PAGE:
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Freeport forms police advisory group

Officials, residents discuss better policing policy


As protesters demanded justice for Akbar Rogers outside Freeport Village Hall on June 29, about a dozen local residents entered the building to speak with village officials about the changes they wanted to see in the way the village conducts its policing. 

Although the conversation grew heated at times, village officials said the community would become more involved in forming policing policies as the village created a community advisory group a little more than a week ago to help Freeport follow police reform mandates signed into law by Gov. Andrew Cuomo on June 12. 

“The community will have more input than ever before,” Freeport Mayor Robert Kennedy said, “and you will see changes in how policy is formed from now on.” 

The new community advisory group, which will be formally introduced by the village later this week, consists of two officers and an advisor. Village officials said the two officers, who are black and Latina women, will be going into the community to meet with neighborhood and faith leaders, civic associations and PTAs to gather ideas as to how the police department can better serve its community.   

As per Cuomo’s orders, local governments have until next April 1 to redesign their police departments or face the possibility of losing state funding. Those governments must account for the size of their police forces, the weapons they employ, their disciplinary procedures for punishing offending officers and a citizen-complaint process.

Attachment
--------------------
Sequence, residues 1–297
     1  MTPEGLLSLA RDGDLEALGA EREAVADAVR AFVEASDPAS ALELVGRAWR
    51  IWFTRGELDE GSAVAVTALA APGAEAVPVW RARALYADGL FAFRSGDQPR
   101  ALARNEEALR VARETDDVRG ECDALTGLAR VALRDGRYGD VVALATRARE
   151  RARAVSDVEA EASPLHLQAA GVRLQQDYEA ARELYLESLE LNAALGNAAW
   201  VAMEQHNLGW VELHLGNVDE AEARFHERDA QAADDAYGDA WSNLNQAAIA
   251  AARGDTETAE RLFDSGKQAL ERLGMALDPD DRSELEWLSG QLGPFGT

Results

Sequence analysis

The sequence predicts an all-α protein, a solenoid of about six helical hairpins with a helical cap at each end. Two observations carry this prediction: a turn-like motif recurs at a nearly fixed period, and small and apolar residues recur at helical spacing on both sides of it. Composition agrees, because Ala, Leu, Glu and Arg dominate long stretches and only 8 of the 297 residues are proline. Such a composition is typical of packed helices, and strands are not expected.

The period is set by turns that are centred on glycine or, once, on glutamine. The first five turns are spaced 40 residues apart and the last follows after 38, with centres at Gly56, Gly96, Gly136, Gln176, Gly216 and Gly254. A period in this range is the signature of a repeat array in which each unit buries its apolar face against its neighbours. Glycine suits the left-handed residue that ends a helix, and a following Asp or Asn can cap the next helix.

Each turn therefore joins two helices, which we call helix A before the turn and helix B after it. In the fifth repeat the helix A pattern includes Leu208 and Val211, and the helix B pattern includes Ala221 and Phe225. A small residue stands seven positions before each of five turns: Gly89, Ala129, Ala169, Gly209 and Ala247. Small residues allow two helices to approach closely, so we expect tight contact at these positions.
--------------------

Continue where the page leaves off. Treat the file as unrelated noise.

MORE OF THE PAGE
Both Kennedy and Police Deputy Chief Mike Smith also urged residents to reach out to them directly to provide their own input on policing policy. 

Smith added that unlike the Nassau County Police Department, Freeport has body cameras equipped on its officers. He said the footage of those cameras is stored for 90 days, so residents who encounter a problem with police should follow up with a complaint as soon as possible. 

“You can always reach out to my office, and I will follow up on any complaint,” Smith said. “We can figure out who the responding officer was through their badge number... vehicle number... or the time and day where the incident occurred.” 

While residents appreciated the move to include the community in policing policy, some wanted village officials to confront the realism of implicit biases — attitudes or stereotypes that unconsciously affect one's actions or decisions — in police departments. 

Several of those who spoke with village officials shared their stories of how they or their family members were harassed or singled out by police officers. 

Tiffany Cook accused the Freeport Police Department of over-policing black and Latino neighborhoods, which she said creates dissonance between officers and their communities. 

“I have friends and family who are police officers and in the criminal justice system, so I’ve always respected the police,” Cook said, “but it’s hard to give that respect when it isn’t returned because of the color of my skin.” 

Janice Batiste also spoke about how she had been pulled over by officers for “rushing,” and how her boyfriend had been pulled over for “preemptive speeding.”  

Batiste added that when she had called the police about a stalking incident at her house, the officers brushed her complaints aside repeatedly. 

Batiste said she wanted to see more police funding reallocated to training officers and building better communication systems with the local community. 

Residents also complained about the makeup of the police department, where officers of color only make up a third of the department despite serving a majority-minority community, village and police officials said it was difficult for the village to make any changes on that front as all hiring is done through Nassau County. 

While village officials were reluctant to agree with residents about the problems they had with police, they hoped the new advisory group could help build and maintain the relationship between officers and the community. 

“There are about 20 to 30 points the police department needs to address to follow all of the governor’s guidelines,” said Howard Colton, village attorney. “It’ll be a long process as it addresses changes from the top of the police department to the bottom.”